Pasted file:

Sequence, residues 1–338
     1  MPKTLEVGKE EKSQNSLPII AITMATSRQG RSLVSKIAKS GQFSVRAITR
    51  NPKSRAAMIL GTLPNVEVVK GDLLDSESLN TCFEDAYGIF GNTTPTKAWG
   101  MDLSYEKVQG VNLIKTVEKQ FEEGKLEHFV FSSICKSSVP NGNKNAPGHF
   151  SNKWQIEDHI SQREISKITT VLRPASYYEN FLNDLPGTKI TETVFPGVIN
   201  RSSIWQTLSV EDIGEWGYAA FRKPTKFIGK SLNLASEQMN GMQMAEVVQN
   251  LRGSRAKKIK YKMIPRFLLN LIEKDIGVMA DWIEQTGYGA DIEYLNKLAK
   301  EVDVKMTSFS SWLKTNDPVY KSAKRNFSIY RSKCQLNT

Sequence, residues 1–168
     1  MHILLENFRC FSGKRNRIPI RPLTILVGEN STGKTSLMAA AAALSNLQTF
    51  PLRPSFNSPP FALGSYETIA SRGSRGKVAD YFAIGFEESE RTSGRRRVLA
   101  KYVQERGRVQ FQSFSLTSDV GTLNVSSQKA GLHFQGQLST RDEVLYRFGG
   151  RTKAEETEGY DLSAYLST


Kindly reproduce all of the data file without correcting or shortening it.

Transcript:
Sequence, residues 1–338
     1  MPKTLEVGKE EKSQNSLPII AITMATSRQG RSLVSKIAKS GQFSVRAITR
    51  NPKSRAAMIL GTLPNVEVVK GDLLDSESLN TCFEDAYGIF GNTTPTKAWG
   101  MDLSYEKVQG VNLIKTVEKQ FEEGKLEHFV FSSICKSSVP NGNKNAPGHF
   151  SNKWQIEDHI SQREISKITT VLRPASYYEN FLNDLPGTKI TETVFPGVIN
   201  RSSIWQTLSV EDIGEWGYAA FRKPTKFIGK SLNLASEQMN GMQMAEVVQN
   251  LRGSRAKKIK YKMIPRFLLN LIEKDIGVMA DWIEQTGYGA DIEYLNKLAK
   301  EVDVKMTSFS SWLKTNDPVY KSAKRNFSIY RSKCQLNT

Sequence, residues 1–168
     1  MHILLENFRC FSGKRNRIPI RPLTILVGEN STGKTSLMAA AAALSNLQTF
    51  PLRPSFNSPP FALGSYETIA SRGSRGKVAD YFAIGFEESE RTSGRRRVLA
   101  KYVQERGRVQ FQSFSLTSDV GTLNVSSQKA GLHFQGQLST RDEVLYRFGG
   151  RTKAEETEGY DLSAYLST